Love and Sacrifice in Literature

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The concepts of love and sacrifice are closely related and feature consistently throughout literature. To study the relationship between these ideas in more depth I have selected a range of texts over an extensive time period, these include Romeo and Juliet by Sir William Shakespeare, Titanic by James Cameron, Saint Joan by Bernard Shaw and Snow Falling on Cedars by David Guterson. The different eras that these texts explore will be instrumental in establishing the type of connection the two concepts hold in literature. The type of love and sacrifice varies however the underlying message is the same right through the texts, that humans in the right context will make sacrifices for love. How this is portrayed in the texts also differs yet many techniques such as the relatable characters and symbolism appears in all.

The context in which sacrifice for love transpires

As shown in Titanic the context that a relationship is formed has a great impact on the relationship itself and when the conditions are not favourable the results can be tragic. James Cameron presents the idea of an unlikely love of two born from opposing ends of the patriarchal spectrum. They are thrown together on board The Titanic, the ship acting as a microcosm of the societal hierarchy existing in Britain at the time. This ship defines the classes using the third class and first areas of the ship to highlight the divide. Furthermore the other people in the character’s lives can have a great influence over their relationship. An abusive fiancée and selfish mother bind Rose, making a union with Jack all the more impossible. Obviously disapproving of Jack her fiancée questions her, “Where are you going? To him? To be a whore to a gutter rat?” This is a moment in which we see her sacrificing her previous life for her new found love as Rose replies, “I'd rather be his whore than your wife.” A similar forbidden love by family is evident in Romeo and Juliet with the lovers being born of rival blood. Juliet is a Capulet and Romeo a Montague, the two houses sworn enemy’s. To be together they must “Deny thy father and refuse thy name.” In such a male dominating era they have no option but to elope, as her father would never give his blessing to a Montague.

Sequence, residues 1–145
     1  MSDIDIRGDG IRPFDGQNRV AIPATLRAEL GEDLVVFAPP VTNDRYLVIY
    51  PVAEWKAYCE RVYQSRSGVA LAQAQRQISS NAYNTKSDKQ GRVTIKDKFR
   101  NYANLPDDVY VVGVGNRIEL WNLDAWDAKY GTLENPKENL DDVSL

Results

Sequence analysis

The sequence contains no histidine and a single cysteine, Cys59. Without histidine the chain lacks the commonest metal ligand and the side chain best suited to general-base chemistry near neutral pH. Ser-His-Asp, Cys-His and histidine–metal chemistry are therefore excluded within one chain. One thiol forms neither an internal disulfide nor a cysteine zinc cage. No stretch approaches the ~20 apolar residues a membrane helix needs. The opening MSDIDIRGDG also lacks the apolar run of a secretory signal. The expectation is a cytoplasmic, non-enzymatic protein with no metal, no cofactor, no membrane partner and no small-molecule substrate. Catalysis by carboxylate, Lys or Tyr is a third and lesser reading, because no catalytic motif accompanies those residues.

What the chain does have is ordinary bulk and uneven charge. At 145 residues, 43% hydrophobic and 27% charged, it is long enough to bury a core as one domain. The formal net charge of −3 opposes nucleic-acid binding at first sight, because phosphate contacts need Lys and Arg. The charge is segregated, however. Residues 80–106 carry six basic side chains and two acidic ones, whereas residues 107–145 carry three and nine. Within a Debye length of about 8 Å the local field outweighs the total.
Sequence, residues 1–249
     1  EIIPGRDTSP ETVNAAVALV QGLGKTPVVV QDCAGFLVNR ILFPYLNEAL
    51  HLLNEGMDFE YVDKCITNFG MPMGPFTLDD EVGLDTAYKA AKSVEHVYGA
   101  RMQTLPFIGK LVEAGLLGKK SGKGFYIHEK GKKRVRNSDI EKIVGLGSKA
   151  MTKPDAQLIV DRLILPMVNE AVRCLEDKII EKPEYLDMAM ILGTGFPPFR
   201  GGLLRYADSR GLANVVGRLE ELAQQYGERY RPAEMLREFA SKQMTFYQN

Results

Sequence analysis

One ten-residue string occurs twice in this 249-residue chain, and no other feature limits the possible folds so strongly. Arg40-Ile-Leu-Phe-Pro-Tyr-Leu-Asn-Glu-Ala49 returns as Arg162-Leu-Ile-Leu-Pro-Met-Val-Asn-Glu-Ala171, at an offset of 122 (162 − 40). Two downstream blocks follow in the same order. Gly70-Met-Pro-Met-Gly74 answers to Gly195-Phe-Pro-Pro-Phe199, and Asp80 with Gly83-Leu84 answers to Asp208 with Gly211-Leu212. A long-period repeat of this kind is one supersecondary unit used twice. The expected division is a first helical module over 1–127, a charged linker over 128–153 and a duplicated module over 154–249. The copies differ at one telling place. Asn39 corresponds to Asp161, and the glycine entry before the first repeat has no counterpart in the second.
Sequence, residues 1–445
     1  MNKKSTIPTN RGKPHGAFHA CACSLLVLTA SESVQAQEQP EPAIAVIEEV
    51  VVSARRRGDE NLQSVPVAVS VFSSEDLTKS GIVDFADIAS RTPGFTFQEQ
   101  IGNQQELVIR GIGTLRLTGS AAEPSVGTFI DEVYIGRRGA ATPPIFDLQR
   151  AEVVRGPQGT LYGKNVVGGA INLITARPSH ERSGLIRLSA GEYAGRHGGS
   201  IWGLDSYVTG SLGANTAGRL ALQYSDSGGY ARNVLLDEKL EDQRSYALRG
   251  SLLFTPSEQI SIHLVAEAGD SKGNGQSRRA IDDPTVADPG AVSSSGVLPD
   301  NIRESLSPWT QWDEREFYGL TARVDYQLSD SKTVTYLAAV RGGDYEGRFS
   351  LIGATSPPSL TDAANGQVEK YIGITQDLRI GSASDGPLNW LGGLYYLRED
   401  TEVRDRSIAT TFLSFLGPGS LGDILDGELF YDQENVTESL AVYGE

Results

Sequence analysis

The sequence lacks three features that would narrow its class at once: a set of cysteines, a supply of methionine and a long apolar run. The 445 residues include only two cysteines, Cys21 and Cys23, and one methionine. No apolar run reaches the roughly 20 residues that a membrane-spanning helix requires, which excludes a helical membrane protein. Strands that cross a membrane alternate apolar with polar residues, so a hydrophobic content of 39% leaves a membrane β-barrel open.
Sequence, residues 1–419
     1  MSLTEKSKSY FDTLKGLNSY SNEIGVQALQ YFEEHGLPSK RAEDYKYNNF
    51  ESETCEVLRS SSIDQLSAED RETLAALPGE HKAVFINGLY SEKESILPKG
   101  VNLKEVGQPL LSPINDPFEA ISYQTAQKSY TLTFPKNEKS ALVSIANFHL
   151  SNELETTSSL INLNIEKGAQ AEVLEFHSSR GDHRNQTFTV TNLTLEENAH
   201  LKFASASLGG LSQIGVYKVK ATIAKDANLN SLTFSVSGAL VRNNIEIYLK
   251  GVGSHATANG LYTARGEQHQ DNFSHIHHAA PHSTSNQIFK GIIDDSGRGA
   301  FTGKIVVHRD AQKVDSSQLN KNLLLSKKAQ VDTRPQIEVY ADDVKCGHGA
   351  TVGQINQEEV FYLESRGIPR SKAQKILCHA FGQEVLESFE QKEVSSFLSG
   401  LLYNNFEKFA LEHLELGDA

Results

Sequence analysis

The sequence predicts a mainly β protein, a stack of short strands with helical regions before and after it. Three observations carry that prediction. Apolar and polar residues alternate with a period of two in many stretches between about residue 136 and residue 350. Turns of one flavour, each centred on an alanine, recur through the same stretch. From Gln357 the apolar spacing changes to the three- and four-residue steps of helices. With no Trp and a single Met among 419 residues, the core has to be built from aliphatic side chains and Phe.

It can be noted in Titanic that the role of women as powerless has some effect over the success of Rose and Jack’s relationship. Living in a chauvinistic era, Rose is dependent upon her future husband to provide for her, she has little power over her life. This is a notion she deems, “so unfair” to which her domineering socialite mother replies, “Of course it's unfair. We're women.” This makes Rose and Jack’s love near impossible as to be together they must defy society. The issue of class and a female’s role is also apparent in the text Saint Joan with Joan of Arc’s relationship with god forbidden by the church as she attempts to do best by him. A woman of the land in the 1400’s, Joan’s position in society was nadir and to dress as a solider to best serve her love (god) caused uproar in the church with it being demanded she takes off her “impudent attire” and told to “dress as becomes your sex”. Also born of lower status Joan was overstepping her birthright, she was attending counsel with those much above her and treating them as equals. The influential males of the time were afraid of her becoming too powerful and developing too strong a voice, therefore they seeked to destroy her relationship with her god to ultimately break her. In both the Titanic and Saint Joan the class system and oppression of women hinders their relationship.

It is these conflicts within the character’s worlds that make their relationships problematic. It is unlikely any of these relationships could survive when it is the love against society. The prejudice against the love forces the character’s in the text to make difficult sacrifices, just as Ishmael does in Snow Falling on Cedars. His relationship with Hatsue is doomed...
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